Brown trout can be found in both stillwater as well as rivers and streams. The European Trout have, like their human counterparts, colonized most of the known world and are renowned for the aggressive nature, fight, and ability to live in most water systems across the globe. In the United States, two strains of Brown Trout were first introduced, the "von Behr" strain from Germany and the Loch Leven strain from Scotland. Over the course of time, with additional strains being brought to America, these strains have intermingled and created what famed fishery biologist Robert J. Behnke describes as the American Generic Brown Trout. And it is this trout we will focus on in this ecological report.
Brown Trout get their name from their general appearance, ranging from a deep brown to almost golden. They are spotted with a mix of dark, black and red spots. Spotting is dependent upon individual fish, some having more spots, others no red spots to speak of, etc. Features that are dependent upon individual fish but also seem to be desirous among anglers include blue-toned gill plates and red adipose fins. Brown Trout can range in size up to 44 lbs. and 40 inches, depending on diet and habitat.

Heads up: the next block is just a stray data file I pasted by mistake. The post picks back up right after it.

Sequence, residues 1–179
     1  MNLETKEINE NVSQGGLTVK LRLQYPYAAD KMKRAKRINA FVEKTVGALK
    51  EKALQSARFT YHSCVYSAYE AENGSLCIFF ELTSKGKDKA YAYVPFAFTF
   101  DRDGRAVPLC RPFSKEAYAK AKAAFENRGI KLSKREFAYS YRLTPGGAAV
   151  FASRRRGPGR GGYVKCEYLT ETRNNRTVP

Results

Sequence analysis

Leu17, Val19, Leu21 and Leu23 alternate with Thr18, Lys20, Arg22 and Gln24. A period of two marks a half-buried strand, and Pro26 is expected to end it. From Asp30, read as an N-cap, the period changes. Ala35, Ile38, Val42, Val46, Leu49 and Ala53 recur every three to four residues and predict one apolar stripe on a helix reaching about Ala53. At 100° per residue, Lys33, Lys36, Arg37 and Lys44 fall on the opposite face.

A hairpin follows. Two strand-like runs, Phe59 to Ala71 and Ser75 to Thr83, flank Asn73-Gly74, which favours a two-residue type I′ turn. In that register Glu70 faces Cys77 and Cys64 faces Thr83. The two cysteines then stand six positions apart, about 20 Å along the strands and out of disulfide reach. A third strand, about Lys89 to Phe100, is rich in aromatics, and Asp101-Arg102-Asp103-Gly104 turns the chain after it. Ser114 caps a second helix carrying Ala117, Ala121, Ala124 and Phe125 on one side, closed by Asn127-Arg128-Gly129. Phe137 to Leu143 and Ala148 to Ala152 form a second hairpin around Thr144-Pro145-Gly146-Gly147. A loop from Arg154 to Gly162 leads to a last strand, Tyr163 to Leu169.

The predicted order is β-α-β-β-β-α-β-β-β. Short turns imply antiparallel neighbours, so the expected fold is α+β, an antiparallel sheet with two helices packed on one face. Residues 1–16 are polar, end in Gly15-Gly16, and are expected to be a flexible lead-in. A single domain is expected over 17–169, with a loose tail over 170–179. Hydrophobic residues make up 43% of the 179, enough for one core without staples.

As already mentioned, the Brook Trout is a colonizer and quickly spread throughout the United States. There are only a few Southern States that do not have a population of Brown Trout, mostly owing to the warm water in these areas. Like other trout, the Brown relishes cold, clear, well oxygenated water. The Brown is able to withstand higher water temperatures better than some of its cousins, into the low 60’s even. They are well known for their ability and desire to stay well hidden, in logjams, undercut banks, rocks, anywhere the fish can hide that's where they'll be.
What does this mean for the fly-fisherman. First, fish for Brown as you would any other trout species in the United States. Use nymphs, wet flies, dries, streamers, whatever you have in your trout arsenal and you’ll more than likely catch one. But, if you want one of the monsters of the deep, use something big and invade their territory. Big fish won't pass up an easy meal especially one that got just a little too close to their home. Throw large terrestrials, mice, and streamers along undercut banks and you’ll more than likely get a strike.
As always, good luck and guid luck!